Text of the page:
Two new seats eyed for North; one rid­ing largely In­dige­nous

On­tario will have 17 new provin­cial rid­ings in the elec­tion next June

The Hamilton Spectator - - CANADA & WORLD - ROBERT BENZIE

On­tario will have 17 new provin­cial rid­ings in the elec­tion next June, in­clud­ing one north­ern con­stituency where two-thirds of res­i­dents are In­dige­nous.

The non-par­ti­san Far North Elec­toral Bound­aries Com­mis­sion (FNEBC) con­cluded Tues­day that north­ern­ers de­serve an ad­di­tional two rid­ings to en­sure fair rep­re­sen­ta­tion at Queen’s Park.

That means 13 of the 124 dis­tricts be­ing con­tested in the June 7, 2018 vote will be in north­ern On­tario. To­day, there are 107 rid­ings, 11 of which are in the north.

But in a 62-page re­port to the gov­ern­ment, the in­de­pen­dent five­mem­ber com­mis­sion, headed by Jus­tice Joyce Pel­letier, who hails from the Ojib­way com­mu­nity of Fort Wil­liam First Na­tion, said more re­forms are needed “to in­crease In­dige­nous rep­re­sen­ta­tion and po­lit­i­cal par­tic­i­pa­tion in On­tario.

“The Leg­isla­tive As­sem­bly should con­sider fur­ther mea­sures to en­cour­age In­dige­nous can­di­dates to run for provin­cial of­fice and to in­crease voter turnout among In­dige­nous peoples in On­tario,” the com­mis­sion said.

“In this re­spect, the FNEBC en­cour­ages ... more funds be al­lo­cated for out­reach and ed­u­ca­tion to In­dige­nous pop­u­la­tions,” it con­tin­ued, not­ing that dur­ing public hear­ings there was “un­der­stand­able historical ret­i­cence on the part of many In­dige­nous per­sons to par­tic­i­pate in the provin­cial elec­toral process.”

One so­lu­tion could be mod­elled on New Zealand, where seats in the House of Rep­re­sen­ta­tives are re­served for Maori mem­bers.

“Such an ap­proach would be a de­par­ture from the tra­di­tion of con­tigu­ous, ge­o­graph­i­cally based dis­tricts, but new prac­tices are needed to en­sure ef­fec­tive rep­re­sen­ta­tion of In­dige­nous peoples.”

There has only been one In­dige­nous MPP in On­tario his­tory, for­mer New Demo­crat and in­de­pen­dent Peter North, although cur­rent Speaker and Brant MPP Dave Levac is of Métis her­itage.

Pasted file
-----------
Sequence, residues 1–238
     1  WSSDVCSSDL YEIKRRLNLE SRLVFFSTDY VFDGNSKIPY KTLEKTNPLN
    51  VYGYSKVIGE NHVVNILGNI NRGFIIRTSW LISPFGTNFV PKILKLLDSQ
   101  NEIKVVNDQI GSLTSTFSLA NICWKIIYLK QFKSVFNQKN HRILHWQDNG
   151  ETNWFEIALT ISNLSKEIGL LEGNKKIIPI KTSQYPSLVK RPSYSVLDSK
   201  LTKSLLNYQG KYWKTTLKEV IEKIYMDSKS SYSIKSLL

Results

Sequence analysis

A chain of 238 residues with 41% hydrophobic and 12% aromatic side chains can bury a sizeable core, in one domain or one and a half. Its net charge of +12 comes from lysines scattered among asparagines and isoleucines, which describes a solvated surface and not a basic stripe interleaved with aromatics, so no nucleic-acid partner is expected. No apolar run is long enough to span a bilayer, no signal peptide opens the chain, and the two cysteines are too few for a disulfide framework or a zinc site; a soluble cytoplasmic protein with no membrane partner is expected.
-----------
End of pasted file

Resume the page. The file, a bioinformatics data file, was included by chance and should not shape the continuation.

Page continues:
In re­sponse to the com­mis­sion’s con­clu­sions, At­tor­ney Gen­eral Yasir Naqvi said the gov­ern­ment would move for­ward on im­prov­ing the rep­re­sen­ta­tion for res­i­dents in the two vast north­ern rid­ings of Kenora-Rainy River and Tim­mins-James Bay, both of which are held by the NDP.

“Our gov­ern­ment plans to in­tro­duce leg­is­la­tion this fall to im­ple­ment the com­mis­sion’s rec­om­men­da­tion to cre­ate two new rid­ings, called Ki­i­wetinong and Mushkegowuk,” said Naqvi.

Ki­i­wetinong, which is 68 per cent In­dige­nous, in­cludes the north­ern por­tion of the cur­rent bound­aries of Kenora-Rainy River and has a pop­u­la­tion of 32,987.

The south­ern por­tion with a pop­u­la­tion of 53,027, 25 per cent of which is In­dige­nous, will be the new Kenora-Rainy River and in­clude Dry­den and Fort Frances.

Mushkegowuk, which is home to 30,037 peo­ple, 60 per cent of whom are fran­co­phone and 27 per cent are In­dige­nous, is the north­ern por­tion of the cur­rent Tim­mins-James Bay rid­ing.

Tim­mins, which is 36 per cent fran­co­phone and 12 per cent In­dige­nous, will be a rid­ing unto it­self for its 41,788 res­i­dents.

“Adding two ad­di­tional rid­ings in the north will com­ple­ment changes made in 2015 to in­crease the num­ber of rid­ings in heav­ily pop­u­lated ar­eas in south­ern On­tario,” said Naqvi.

Due to rapid growth, both the Greater Toronto Area and Ot­tawa are gain­ing a to­tal of 15 new seats in re­dis­tri­bu­tion.

In the 107-mem­ber Leg­is­la­ture, there are now 57 Lib­er­als, in­clud­ing the speaker, 29 Pro­gres­sive Con­ser­va­tives, 20 New Democrats, and one Tril­lium Party mem­ber.

At­tor­ney Gen­eral Yasir Naqvi.

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